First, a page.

These are plot-based ideas that might sound like the beginnings of a thriller, but in "Memoria," they exist as tributaries of a larger stream of consciousness, where the form of the thing is almost as noteworthy as the content of its plot. This is an exercise in slow cinema, which values long takes, static shots where the camera sits and observes the same scene for minutes on end.

That style could prove challenging for viewers who are not familiar with it or equipped with the patience for it. Most movies are busy cutting back and forth between different things, even if it's just a different angle on the same scene. It's a trick to keep the eyes from getting bored that doubles as a kind of visual language where we identify with the perspective of the characters and what they're feeling based on how the shots are framed.

"Memoria" eschews close-ups and holds Jessica at a remove. She's almost always framed in relation to her surroundings via wide shots. When we finally do see an intimate close-up of her, it has more of an impact.

'A poem of the sleepless nights'

"Memoria" unfolds at a pace that could only be described as glacial—though not necessarily in a pejorative sense. There's something to be said for quieting one's mind and just being still or inhabiting that eerie lack of movement or sound. There's also something to be said for when the sound grows more insistent, cutting through the chirping of crickets with a sonic boom.

The film has an impressionistic flow to it, where it's not always clear how things connect or what the point of something is. That requires patience, and I can see how a casual viewer might come away from certain scenes feeling like they had just watched paint dry. At one point, the camera lingers long on a man as he lies in the grass with his eyes open, temporarily catatonic, sleeping without dreaming. Yet I don't imagine that the kind of cinephiles seeking this movie out would be the same ones who go to the movies only for car chases, or the sheer whiz-bang spectacle or being shown things in fast cuts.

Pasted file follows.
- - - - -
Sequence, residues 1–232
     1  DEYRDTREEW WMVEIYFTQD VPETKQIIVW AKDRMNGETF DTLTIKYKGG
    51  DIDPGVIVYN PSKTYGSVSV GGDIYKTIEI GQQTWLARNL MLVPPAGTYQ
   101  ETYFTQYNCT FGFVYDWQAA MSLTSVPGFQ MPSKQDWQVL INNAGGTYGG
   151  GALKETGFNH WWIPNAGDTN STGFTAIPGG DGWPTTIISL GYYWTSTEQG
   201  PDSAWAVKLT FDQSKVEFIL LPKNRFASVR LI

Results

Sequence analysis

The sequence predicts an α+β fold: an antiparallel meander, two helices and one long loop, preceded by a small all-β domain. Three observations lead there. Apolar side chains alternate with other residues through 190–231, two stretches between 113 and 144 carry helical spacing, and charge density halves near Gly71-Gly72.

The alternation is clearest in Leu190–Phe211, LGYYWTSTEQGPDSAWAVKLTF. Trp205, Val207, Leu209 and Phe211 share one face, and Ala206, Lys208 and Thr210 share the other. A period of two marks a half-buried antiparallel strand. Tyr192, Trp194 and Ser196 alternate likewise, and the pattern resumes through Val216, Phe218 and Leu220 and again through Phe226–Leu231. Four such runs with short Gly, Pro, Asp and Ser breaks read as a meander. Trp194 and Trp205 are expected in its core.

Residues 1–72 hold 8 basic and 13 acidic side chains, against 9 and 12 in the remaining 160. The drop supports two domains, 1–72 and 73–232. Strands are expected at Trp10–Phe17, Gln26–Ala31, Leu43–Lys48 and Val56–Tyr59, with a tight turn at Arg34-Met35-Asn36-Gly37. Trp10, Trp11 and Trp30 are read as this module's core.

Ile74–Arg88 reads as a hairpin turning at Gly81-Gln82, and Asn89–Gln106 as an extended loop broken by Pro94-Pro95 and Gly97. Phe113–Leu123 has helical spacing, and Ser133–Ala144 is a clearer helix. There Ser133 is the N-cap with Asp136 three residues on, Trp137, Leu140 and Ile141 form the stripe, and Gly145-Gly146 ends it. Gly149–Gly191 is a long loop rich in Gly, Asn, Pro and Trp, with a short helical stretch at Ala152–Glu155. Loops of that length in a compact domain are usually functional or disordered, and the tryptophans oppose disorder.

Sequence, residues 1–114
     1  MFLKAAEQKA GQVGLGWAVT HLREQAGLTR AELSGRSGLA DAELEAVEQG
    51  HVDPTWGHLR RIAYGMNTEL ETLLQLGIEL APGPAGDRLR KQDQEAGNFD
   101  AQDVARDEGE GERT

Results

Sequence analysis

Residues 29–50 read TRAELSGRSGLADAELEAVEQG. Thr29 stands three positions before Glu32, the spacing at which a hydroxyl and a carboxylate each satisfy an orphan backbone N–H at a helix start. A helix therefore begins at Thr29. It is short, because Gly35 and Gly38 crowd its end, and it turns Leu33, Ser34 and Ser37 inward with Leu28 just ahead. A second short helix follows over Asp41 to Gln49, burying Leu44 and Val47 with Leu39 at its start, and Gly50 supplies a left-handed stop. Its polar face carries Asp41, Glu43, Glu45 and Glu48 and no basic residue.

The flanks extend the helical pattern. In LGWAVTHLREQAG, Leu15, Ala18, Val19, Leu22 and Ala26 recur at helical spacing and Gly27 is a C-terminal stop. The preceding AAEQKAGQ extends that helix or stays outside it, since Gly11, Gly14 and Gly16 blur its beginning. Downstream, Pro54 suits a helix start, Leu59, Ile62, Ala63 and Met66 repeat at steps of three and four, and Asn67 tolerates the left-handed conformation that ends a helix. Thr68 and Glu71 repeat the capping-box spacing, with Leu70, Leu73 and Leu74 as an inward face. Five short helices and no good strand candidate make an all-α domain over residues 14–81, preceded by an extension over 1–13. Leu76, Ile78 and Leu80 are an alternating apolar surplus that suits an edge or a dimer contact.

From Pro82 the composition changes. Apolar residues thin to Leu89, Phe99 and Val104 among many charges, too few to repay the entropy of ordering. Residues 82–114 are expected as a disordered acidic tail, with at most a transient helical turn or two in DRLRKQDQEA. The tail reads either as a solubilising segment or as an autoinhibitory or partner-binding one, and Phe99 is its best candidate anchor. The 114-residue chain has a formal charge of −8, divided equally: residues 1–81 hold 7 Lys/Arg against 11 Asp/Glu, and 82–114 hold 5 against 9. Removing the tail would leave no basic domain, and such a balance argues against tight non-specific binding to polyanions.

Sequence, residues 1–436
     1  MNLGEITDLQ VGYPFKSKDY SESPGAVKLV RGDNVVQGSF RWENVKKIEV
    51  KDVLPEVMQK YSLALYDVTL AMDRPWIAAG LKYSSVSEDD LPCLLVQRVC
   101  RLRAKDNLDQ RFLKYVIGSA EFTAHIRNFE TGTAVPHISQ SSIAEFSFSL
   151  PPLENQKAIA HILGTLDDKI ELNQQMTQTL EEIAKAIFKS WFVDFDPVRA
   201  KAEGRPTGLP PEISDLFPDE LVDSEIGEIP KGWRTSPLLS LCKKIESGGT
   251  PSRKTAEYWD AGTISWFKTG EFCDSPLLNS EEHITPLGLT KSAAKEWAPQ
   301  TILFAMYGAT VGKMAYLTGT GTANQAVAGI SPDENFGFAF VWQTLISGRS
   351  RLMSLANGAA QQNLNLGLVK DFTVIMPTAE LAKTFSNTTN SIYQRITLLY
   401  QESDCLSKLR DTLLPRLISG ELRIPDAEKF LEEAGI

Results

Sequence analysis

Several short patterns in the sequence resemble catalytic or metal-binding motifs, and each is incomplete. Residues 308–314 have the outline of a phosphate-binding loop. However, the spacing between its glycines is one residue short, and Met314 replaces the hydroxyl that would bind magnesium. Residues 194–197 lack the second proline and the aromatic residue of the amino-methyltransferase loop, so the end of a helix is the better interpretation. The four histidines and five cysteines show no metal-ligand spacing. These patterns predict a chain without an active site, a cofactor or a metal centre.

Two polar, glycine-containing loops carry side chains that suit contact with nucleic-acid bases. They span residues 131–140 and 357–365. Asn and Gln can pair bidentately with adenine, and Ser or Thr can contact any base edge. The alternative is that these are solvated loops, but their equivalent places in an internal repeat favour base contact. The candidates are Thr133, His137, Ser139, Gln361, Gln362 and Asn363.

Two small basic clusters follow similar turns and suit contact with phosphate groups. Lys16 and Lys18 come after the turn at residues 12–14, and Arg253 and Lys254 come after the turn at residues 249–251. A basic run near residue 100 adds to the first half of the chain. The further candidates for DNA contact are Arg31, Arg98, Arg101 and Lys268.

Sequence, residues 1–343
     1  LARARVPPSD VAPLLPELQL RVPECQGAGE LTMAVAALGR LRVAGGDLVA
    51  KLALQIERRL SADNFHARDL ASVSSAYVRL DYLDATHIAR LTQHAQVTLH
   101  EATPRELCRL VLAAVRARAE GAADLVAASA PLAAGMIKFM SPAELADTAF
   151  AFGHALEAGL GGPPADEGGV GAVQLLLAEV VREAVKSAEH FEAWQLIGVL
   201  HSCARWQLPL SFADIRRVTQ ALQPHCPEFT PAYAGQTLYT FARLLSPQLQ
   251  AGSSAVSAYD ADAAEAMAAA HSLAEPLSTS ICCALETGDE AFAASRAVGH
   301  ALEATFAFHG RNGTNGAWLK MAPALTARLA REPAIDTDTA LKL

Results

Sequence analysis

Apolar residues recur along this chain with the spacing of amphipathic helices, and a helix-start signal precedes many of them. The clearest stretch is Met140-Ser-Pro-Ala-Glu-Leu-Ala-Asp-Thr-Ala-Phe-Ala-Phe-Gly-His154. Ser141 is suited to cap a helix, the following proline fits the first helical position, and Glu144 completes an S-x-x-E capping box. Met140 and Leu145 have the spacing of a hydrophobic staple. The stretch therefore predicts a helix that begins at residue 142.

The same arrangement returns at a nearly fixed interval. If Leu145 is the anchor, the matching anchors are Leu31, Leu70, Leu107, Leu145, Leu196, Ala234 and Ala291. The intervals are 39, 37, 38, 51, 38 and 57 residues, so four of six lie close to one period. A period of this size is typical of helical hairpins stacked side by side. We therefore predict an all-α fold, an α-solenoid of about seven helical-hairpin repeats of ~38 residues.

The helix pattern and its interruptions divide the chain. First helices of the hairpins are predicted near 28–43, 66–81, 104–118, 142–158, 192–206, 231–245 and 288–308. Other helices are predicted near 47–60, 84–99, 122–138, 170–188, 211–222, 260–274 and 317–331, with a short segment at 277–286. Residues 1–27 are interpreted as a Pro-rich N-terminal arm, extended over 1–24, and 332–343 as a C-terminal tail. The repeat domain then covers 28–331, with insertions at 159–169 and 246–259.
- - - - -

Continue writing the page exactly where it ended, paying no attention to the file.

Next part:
There's a scene in "Memoria" where Jessica sits on a park bench with her friend, reciting a brief "poem of the sleepless nights." She takes her time delivering the lines, letting the last one hang in the air like an unfinished thought. The movie has a similar effect.

Music and a memory

One scene in "Memoria" has Jessica listening in on a live jazz session. We watch her watching the music, but Weerasethakul and cinematographer Sayombhu Mukdeeprom withhold sight of the musicians at first, just as they withhold sounds at times when all there is to do is see. The way Hernán says the name of his own punk/electronic band, I wasn't sure if I misheard it and it was the Depth of Delusion — or the Death of Illusion — Ensemble.

The camera hangs back out of earshot in a park, or over Jessica's shoulder in a cavernous library as she turns the pages of a book. It tracks her along the street or through a museum, sometimes walking or sitting behind her, always economical about when it cuts away or transitions to a different shot.

Though I'm someone who easily forgets music after hearing it once, the memory of that jazz piano melody wasn't lost to me like other tunes, even after all those other images above had come and gone. I carried it with me the next day, just as I did with "Memoria," an intriguing slice of arthouse cinema that offers less of a cut-and-dry narrative and more of a wandering experience through overlapping planes of existence and the liminal spaces between past and present.

"Memoria" is currently playing in select theaters. You can see the list of available screenings on the movie's official website.